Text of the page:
Sunday, June 15, 2008

On promising choices

The Pundits' Guide is back up and running with updates on candidate nominations. And the NDP's latest nomination - that of Richard Marois in Saint Lambert - looks like a positive sign for a few reasons.

First, as Pundits' Guide notes, Marois is merely the latest addition to a group of NDP candidates with extremely impressive environmental credentials. While it's enough of a plus just to have another strong voice on the issue, though, the timing is particularly significant.

After all, the Red Greens have spent the bulk of the past couple of weeks pretending that the NDP's recognition that a carbon tax isn't the only way to combat greenhouse gas emissions should affect its standing among environmentally-inclined voters. And there's little indication that they'll stop the mantra anytime soon. But Marois' addition to an already-strong slate of candidates offers a clear signal that those most concerned with the environment recognize that the NDP not only a viable option, but still the best choice to get their message out.

Second, the linked article from Point Sud notes that Marois was approached by "other political parties", but rejected both those advances and his own past involvement with the Bloc in order to run for the NDP.

From the wording of the article, it's not clear whether the Bloc itself was one of the parties which approached Marois. (That would make for a particularly striking choice, as Marois would then have chosen the NDP over a party which won the seat by over 20% in 2006.)

However, it does seem beyond doubt that multiple other parties tried to recruit Marois as well. And the NDP's success in bringing another sought-after figure into the fold can only bode well for its efforts in persuading both other star candidates, and ultimately voters.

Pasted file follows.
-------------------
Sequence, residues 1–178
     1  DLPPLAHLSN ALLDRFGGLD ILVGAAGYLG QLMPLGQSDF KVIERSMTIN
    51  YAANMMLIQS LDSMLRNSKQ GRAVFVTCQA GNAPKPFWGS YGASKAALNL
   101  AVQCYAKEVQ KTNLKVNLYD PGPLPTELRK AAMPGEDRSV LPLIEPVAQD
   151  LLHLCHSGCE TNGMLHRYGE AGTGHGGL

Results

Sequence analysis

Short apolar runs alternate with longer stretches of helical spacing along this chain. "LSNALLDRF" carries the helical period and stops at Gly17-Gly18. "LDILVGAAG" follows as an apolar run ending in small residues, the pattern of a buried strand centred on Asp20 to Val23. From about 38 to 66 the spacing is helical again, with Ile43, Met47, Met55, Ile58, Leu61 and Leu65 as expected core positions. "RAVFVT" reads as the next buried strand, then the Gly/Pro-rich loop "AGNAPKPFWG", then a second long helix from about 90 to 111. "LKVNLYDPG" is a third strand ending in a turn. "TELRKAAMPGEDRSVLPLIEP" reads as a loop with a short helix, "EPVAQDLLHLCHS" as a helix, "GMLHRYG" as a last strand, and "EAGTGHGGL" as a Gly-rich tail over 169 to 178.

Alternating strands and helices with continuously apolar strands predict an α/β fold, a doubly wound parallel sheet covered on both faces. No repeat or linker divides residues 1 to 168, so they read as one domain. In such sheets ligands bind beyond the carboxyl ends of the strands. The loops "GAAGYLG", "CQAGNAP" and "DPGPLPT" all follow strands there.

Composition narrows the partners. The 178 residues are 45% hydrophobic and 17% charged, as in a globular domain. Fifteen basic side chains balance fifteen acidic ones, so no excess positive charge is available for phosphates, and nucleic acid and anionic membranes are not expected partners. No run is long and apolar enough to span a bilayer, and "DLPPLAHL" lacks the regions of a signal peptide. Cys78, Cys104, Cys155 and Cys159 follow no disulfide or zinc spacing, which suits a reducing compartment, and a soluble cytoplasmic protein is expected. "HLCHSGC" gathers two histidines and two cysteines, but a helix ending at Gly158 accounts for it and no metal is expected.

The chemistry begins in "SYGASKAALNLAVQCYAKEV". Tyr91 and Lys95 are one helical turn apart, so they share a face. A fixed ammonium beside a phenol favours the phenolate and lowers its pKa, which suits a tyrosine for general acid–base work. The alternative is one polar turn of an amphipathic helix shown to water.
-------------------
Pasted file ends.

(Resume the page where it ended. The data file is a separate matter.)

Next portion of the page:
Finally, there's Marois' own statement of why he chose the NDP over the competing parties:
(I)l a affirmé avoir fait son choix et considère que le seul moyen pour le Québec d'affaiblir les Conservateurs est de voter pour un parti qui peut aspirer au pouvoir.
While the message of needing to oppose the Cons is obviously one which the NDP will be looking to push in the province, it's especially interesting that Marois mentions the NDP's aspirations to form government as a specific reason to prefer it over other alternatives. And the more candidates decide that the NDP's potential to win power in the future is in fact a point in its favour, the more difficult it will be for other parties and the media alike to pretend Canadians don't have any choice beyond Harper's Cons and the party which has propped them up.

Of course, there's only so much that an individual candidate can do beyond a party's base level of support and degree of organization at the riding level. And while the NDP has obviously made strides in those areas as well, it remains to be seen whether it will be enough to win significantly more seats. But Marois' addition to the slate of candidates offers yet another indication that the NDP is gaining momentum.

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